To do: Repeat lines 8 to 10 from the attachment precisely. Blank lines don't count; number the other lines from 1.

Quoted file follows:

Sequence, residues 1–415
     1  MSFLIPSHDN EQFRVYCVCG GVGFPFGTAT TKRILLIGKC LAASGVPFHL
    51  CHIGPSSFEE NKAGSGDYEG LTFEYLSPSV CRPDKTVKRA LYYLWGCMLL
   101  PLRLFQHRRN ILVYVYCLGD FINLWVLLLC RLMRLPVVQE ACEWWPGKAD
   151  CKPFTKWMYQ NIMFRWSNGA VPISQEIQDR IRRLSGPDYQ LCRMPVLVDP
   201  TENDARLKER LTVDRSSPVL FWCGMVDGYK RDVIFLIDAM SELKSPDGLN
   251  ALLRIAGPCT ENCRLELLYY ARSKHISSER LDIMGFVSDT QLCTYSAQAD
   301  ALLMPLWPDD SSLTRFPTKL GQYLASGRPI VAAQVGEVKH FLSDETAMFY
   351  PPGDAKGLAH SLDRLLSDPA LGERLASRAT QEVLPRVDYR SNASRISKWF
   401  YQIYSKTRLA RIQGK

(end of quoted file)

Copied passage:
   301  ALLMPLWPDD SSLTRFPTKL GQYLASGRPI VAAQVGEVKH FLSDETAMFY
   351  PPGDAKGLAH SLDRLLSDPA LGERLASRAT QEVLPRVDYR SNASRISKWF
   401  YQIYSKTRLA RIQGK